Seminario - Learning Spaces: applications and problems

Martedì 29 Maggio alle ore 11:30, presso il Palazzo delle Scienze (in aula da stabilire), il prof. Jean-Paul Doignon dell’Université Libre de Bruxelles terrà un seminario dal titolo "Learning Spaces: applications and problems “.

Jean-Paul Doignon (Université Libre de Bruxelles)
Learning Spaces: applications and problems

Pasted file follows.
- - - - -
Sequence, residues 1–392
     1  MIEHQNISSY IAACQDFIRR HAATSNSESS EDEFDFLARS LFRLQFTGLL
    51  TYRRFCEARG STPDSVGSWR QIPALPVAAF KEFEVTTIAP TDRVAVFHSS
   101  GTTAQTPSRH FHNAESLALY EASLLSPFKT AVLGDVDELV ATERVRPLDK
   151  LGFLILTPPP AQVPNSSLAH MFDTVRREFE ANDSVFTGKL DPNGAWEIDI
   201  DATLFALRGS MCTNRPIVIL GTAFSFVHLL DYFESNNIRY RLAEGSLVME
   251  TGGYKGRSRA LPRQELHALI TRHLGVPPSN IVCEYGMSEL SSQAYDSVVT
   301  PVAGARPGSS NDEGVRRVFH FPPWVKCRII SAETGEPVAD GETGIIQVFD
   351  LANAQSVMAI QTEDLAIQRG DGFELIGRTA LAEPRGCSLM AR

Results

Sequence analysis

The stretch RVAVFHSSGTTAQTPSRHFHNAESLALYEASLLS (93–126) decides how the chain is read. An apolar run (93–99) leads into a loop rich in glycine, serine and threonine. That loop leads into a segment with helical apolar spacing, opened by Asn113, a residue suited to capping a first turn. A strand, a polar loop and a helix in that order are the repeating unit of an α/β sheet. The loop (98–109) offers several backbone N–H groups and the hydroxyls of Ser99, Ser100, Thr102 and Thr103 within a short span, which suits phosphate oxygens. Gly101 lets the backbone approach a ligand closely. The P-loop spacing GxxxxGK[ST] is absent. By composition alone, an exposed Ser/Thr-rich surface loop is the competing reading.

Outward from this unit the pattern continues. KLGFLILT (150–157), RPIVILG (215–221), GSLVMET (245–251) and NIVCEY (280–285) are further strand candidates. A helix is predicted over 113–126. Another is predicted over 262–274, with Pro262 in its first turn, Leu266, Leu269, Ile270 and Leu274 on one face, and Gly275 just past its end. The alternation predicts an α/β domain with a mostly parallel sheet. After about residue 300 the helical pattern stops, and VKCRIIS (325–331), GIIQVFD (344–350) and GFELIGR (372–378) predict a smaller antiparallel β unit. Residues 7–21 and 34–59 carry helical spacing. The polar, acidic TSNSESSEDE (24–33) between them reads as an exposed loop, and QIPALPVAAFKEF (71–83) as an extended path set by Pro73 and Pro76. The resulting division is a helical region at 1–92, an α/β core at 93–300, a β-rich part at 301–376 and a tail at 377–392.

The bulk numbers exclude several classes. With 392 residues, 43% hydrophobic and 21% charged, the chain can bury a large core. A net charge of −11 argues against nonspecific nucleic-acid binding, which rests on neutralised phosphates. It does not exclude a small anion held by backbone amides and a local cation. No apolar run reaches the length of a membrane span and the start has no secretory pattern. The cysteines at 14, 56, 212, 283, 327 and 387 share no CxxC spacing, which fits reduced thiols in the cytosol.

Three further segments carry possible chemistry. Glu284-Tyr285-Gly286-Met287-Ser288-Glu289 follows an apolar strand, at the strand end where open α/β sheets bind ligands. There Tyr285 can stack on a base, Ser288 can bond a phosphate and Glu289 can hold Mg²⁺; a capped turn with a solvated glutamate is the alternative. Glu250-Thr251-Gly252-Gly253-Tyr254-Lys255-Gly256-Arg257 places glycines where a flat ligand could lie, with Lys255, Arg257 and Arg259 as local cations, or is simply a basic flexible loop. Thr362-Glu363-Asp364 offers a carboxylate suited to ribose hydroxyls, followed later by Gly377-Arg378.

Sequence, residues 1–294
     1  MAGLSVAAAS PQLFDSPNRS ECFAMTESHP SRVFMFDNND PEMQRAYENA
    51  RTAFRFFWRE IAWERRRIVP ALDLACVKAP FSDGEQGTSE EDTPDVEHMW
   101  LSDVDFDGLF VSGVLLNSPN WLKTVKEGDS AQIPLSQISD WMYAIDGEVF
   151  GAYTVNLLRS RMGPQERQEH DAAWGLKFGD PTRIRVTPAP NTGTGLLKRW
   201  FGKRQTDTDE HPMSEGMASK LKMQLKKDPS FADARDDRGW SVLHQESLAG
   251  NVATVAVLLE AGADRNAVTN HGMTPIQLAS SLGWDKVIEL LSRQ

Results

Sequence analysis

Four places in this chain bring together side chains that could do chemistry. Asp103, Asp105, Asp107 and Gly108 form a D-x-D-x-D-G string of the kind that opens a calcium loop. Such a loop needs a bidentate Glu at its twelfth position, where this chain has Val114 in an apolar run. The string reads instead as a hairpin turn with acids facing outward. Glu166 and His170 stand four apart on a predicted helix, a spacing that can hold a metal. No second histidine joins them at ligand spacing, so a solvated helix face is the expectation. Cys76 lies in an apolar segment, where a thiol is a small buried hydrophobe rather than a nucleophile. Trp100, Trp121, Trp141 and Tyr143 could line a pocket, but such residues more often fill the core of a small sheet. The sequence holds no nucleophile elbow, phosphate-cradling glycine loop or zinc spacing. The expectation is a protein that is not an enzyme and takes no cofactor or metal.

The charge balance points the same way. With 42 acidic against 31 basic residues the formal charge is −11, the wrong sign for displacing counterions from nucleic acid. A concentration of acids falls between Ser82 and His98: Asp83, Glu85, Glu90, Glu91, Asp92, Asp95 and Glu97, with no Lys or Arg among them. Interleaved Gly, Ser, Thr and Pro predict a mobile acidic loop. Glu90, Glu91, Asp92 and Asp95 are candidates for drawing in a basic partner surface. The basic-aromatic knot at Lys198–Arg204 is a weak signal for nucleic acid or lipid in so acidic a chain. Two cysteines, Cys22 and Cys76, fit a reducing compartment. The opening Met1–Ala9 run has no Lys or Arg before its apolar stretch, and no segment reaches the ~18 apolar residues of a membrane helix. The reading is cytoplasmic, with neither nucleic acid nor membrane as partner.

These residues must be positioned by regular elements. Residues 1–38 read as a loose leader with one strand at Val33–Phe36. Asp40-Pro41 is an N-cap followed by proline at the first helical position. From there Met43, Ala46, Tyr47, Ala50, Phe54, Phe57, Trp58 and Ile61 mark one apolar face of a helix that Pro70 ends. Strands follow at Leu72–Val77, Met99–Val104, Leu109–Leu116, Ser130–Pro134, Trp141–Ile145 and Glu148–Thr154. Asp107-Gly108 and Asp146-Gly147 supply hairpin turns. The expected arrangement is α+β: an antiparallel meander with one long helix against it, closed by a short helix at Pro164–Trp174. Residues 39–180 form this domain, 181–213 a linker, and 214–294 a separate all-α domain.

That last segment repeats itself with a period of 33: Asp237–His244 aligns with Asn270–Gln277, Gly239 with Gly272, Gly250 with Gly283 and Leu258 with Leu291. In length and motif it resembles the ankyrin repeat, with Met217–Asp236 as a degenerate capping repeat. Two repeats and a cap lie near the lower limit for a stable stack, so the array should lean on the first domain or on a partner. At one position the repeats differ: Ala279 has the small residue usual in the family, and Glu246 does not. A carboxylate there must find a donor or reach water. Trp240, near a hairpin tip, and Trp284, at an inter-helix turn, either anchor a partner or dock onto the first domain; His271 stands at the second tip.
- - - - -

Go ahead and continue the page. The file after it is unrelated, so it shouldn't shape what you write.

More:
The design of a computer system for the assessment of knowledge in a particular domain (for instance, algebra in high-school) requires a conceptual framework.  Together with Jean-Claude Falmagne (University of Irvine, California), we have defined and investigated learning spaces to this aim. Learning spaces underly the on-line system aleks, now used by millions of users every year.  A learning space captures the various states of knowledge in a class of (potential) students.  The states form a collection of subsets of the given finite set of items, the domain.  Pedagogically motivated requirements restrict the possible collections of subsets.  It turns out that equivalent axioms characterize convex geometries, also known as antimatroids (Jamison, 1980; Edelman and Jamison, 1985).  Because of their appearance in various disciplines, including economics (as particular choice functions or in relation with optimal matchings), the resulting structures have generated a variety of results as well as problems.  We first review some questions of a combinatorial nature.  Because learning spaces generalize partially ordered sets, we might be tempted to generalize concepts and questions on posets (which we do for a few examples).  Next, we indicate which abstract groups appear as the automorphism group of some geometrically representable learning space.  There is also the question of how (efficiently?) encode a learning space in a computer.  Other problems assume that the number m of items in the domain is given.  What is then the size of a largest base?  How many different learning spaces are there on m items?   If time permits, we also present problems about the basic local independence model, a probabilistic model based on learning spaces and akin to latent class models.  We are particularly interested in understanding how far the parameter values are identifiable from the observed assessements.